When state-sponsored hackers arrive, it’s safe to assume cyber-espionage will follow. Espionage was the leading attack pattern for breaches in manufacturing.
This trend is again reaffirmed when looking at the “actor motive”. While slightly more than half of breaches had a financial motive, 47% were motivated by espionage.
Professional, Technical, and Scientific Services
This vertical includes law offices, architects, and a variety of other business and consumer-oriented services.
Hacking: 50% of Breaches
Reviewing the attack patterns for this vertical provided little insight – but a look at the attack actions reveals that half of breaches discovered are attributed to hacking.
VERIS defines hacking as an attempt to intentionally access or harm information assets without authorization by defeating security mechanisms. Attack types include brute force and SQL injection.
Server: 58% of Breaches
At least one server was compromised in more than half of the data breaches in professional services.
Keep this in mind as Windows Server 2008 nears end-of-life, (set for Jan 14, 2020) after which Microsoft will no longer patch newly discovered vulnerabilities in the popular operating system.
The number of security incidents recorded in this group – 22,788 – is more than 20-times greater than any other vertical.
As with the healthcare vertical, this may be partly due to the data sources for Verizon’s report, and is also likely influenced by the strict reporting requirements of industry regulations.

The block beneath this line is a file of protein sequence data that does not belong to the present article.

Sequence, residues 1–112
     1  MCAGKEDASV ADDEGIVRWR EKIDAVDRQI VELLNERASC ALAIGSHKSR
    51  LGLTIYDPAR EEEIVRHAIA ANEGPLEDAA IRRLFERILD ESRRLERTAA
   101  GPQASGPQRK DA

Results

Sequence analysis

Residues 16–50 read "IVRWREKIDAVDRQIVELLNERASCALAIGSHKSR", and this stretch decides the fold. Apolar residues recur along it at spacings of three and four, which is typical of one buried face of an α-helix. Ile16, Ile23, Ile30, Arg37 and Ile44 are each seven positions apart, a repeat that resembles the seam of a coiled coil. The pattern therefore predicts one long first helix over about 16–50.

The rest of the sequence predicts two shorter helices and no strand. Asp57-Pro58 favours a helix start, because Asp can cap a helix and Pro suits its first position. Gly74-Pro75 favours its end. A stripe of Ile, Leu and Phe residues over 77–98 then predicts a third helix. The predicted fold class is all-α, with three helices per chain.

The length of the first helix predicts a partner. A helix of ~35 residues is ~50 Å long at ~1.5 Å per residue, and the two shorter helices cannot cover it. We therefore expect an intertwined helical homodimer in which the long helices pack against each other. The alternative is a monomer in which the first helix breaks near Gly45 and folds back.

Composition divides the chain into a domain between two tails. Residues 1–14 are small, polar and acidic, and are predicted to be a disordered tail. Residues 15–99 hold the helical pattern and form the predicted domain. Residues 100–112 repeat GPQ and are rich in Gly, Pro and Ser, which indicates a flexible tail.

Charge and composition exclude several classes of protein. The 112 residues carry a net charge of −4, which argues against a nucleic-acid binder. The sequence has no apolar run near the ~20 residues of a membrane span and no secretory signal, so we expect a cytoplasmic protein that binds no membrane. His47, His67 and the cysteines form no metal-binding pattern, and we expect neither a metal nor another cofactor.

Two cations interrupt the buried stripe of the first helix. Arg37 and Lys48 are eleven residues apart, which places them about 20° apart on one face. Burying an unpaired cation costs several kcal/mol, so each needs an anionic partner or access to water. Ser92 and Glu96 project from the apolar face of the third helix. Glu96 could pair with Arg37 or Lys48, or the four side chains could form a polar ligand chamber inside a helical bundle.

The number of data breaches in the group is 304, which is much more comparable to the other industries covered.
External Attackers: 67% of Breaches
While it’s not surprising that two-thirds of data breaches in the public sector are caused by external foes, looking deeper reveals that most of the attackers are associated with over governments.
Nearly two-thirds (63%) of the external actors are state-affiliated or nation-states (this does not include all breaches, only those for which an actor could be identified).
Also, 25% of the breaches in the public vertical are attributed to the cyber-espionage attack pattern.
Other prominent patterns – such as web application attacks, POS attacks, miscellaneous errors, and everything else – each account for about 16-17% of the breaches recorded.
Web Application Attacks: 38% of Breaches
Ecommerce systems are public-facing and typically handle payment card and customer data – making them attractive targets for cybercrime.
Roughly one-third of all confirmed breaches in retail involved a web application. Common attack types include OS commanding, SQL injection, and the use of stolen credentials to compromise the system.
Slightly more than half (53%) of the breaches recorded in retail affected a server, which may be related to the frequency of web application attacks.
Payment Card Skimming: 36% of Breaches
Another one-third of the breaches follow a pattern that is specific to brick-and-mortar retailers: card skimming. Typically, this is when an attacker sticks a device onto a card reader to secretly collect payment info as cards are swiped.
Most skimmers were discovered on gas station pumps (87%).
The strong showing in this pattern is also likely why about one-third of the assets compromised in retail data breaches were kiosks or terminals.